University of Cincinnati is desperate to claim the nation’s most unfair campus sexual assault process. In this case, two students met on the Tinder app. The female later claimed the sex wasn’t consensual; the male said it was. At the hearing, neither the accuser nor the Title IX investigator, bothered to appear, denying indirect cross-examination. Panel Chair:’ OK, so the complainant is not here…Respondent, do you have any questions of the Title IX report?’ Accused Student: ‘Well, since she’s not here, I can’t really ask anything of the report.’ The student was found guilty and then sued. UC maintained that its denial of any cross-examination didn’t violate the student’s due process rights.The accused’s attorney Josh Engel faced no skeptical questions from the sixth circuit appeal panel, and made important points about why due process matters.
6th Circuit Summary w Audio Excerpts By KC Johnson
Court Rulings & Settlements
A lawsuit filed by a former Augustana University student who claimed the school unjustly expelled him following a rape accusation has been dismissed. “It was resolved to the satisfaction of the parties” lawyers said, “That is all I can say.” The school’s investigation failed to take into account that his accuser had also accused other students of sexual misconduct, including threatening a prior boyfriend with a false rape allegation. Crucially, the complaint said, Tsuruta was physically incapable of committing the rape as alleged because he had lost his feet in a motor vehicle accident.
argusleader.com By Jonathan Ellis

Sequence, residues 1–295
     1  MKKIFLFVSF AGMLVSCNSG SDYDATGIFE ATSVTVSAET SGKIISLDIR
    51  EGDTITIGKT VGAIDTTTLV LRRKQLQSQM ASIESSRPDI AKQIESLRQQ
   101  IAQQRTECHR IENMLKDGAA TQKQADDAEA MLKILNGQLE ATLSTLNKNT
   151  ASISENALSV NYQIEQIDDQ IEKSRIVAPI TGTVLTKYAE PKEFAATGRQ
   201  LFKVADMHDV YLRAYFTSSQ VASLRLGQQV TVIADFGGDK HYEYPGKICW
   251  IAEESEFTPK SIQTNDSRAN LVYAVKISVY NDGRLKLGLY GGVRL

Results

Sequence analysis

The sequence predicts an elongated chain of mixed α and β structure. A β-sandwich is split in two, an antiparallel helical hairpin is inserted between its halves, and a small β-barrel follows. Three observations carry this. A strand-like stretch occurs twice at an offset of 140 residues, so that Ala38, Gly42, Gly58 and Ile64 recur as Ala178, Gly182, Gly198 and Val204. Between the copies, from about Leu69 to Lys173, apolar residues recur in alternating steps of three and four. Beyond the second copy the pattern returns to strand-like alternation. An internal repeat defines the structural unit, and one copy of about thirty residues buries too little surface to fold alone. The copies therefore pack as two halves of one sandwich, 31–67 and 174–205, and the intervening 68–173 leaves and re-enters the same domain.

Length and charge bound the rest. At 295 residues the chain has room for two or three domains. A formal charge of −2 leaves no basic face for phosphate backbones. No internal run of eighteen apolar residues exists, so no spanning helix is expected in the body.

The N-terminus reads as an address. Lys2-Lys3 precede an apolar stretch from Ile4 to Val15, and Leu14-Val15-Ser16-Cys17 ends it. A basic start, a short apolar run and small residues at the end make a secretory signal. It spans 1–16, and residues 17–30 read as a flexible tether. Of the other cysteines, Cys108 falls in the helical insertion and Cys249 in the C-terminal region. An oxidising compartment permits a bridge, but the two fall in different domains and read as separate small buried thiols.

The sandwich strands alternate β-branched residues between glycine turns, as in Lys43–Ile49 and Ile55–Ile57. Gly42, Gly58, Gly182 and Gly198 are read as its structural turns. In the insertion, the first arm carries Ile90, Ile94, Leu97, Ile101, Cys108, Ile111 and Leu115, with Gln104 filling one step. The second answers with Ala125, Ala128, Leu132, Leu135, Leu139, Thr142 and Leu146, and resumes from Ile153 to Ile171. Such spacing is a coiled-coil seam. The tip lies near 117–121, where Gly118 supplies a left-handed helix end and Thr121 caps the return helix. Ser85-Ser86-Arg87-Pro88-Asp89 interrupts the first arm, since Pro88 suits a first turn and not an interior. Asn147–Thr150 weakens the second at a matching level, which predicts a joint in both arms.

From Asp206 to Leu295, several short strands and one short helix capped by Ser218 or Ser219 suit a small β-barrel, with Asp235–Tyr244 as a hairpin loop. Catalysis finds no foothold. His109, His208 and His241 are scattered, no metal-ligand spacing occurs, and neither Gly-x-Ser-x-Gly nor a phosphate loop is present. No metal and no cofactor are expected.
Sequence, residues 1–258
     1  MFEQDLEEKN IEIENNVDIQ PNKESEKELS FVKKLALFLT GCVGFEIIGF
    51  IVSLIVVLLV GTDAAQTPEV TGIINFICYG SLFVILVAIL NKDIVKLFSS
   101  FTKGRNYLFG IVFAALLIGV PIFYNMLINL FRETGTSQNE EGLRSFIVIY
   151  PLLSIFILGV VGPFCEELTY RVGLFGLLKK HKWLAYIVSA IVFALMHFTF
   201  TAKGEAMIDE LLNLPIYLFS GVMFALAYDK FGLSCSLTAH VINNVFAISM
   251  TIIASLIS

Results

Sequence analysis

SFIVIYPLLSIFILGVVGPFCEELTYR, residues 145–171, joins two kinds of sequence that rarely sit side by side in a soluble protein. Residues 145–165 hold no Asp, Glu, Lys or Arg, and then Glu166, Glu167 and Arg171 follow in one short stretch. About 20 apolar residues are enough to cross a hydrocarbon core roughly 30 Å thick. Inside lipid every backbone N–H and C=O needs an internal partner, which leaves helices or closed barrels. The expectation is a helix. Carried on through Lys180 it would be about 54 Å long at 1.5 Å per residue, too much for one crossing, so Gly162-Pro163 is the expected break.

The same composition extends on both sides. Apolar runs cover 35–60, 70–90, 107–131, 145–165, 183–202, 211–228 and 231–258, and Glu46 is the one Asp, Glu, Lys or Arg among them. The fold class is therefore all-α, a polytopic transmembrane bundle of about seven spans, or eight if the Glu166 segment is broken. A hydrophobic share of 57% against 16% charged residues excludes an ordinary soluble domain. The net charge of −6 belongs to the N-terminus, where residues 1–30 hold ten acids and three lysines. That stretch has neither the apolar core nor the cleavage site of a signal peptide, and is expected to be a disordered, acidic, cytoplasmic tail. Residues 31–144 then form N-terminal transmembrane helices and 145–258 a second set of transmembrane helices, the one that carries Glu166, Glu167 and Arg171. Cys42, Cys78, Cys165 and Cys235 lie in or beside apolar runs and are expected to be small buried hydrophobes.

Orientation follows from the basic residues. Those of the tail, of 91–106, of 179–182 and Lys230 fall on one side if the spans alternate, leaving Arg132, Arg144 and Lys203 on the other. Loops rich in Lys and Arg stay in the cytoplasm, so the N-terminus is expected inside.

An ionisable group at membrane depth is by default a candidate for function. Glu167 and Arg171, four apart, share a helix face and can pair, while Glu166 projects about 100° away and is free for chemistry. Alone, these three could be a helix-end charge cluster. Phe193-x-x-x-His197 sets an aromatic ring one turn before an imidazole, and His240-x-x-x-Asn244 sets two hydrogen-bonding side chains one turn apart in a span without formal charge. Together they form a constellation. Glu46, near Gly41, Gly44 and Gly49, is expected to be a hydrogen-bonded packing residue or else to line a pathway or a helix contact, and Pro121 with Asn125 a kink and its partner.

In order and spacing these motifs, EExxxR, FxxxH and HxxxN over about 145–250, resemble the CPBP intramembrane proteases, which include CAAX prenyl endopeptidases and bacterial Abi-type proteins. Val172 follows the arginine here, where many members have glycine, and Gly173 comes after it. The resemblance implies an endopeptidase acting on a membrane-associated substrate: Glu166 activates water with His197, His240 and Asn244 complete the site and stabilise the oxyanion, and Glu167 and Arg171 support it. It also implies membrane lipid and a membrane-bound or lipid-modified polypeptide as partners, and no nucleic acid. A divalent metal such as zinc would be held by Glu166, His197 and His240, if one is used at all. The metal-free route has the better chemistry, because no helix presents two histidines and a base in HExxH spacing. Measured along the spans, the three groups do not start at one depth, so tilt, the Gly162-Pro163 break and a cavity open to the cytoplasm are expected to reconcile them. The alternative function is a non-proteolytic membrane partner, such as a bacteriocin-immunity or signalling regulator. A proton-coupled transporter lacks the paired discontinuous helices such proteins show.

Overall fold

Police at a junior college in Wyoming have closed a sexual assault case involving a member of the University of Oregon’s 2017 Final Four basketball team, and no charges will be filed. The case came to light this summer after Bigby-Williams already announced plans to transfer to Louisiana State University from UO. “We had sex, she took a shower, came back and we were laying in bed, talking to each other,” he told police.
registerguard.com By Dylan Darling
It would seem fairly self-evident that when a college establishes procedures for handling sexual misconduct claims, it should actually follow them. That, however, was not the case in Matter of John Doe v. Skidmore College, a recently issued decision by the State of New York Supreme Court, Appellate Division. Given what it termed “multiple failures that . . . taken together, demonstrated a lack of substantial compliance” with Skidmore College’s investigatory and adjudicatory protocols, the court nullified the plaintiff’s expulsion for sexual misconduct, once again demonstrating the obvious difficulty some colleges and universities have in implementing the most elementary procedural safeguards in student-on-student sexual harassment cases.
A rape charge has been dropped against one former Lindenwood University men’s basketball player, and a second former player pleaded guilty to a misdemeanor. Asked about the dismissal and the plea, Prosecuting Attorney Tim Lohmar said, “Any time you’ve got what appears to be a credible allegation of date rape, you’ve got to take it seriously.” But Lohmar said that further investigation showed the case was “not as it first appeared.”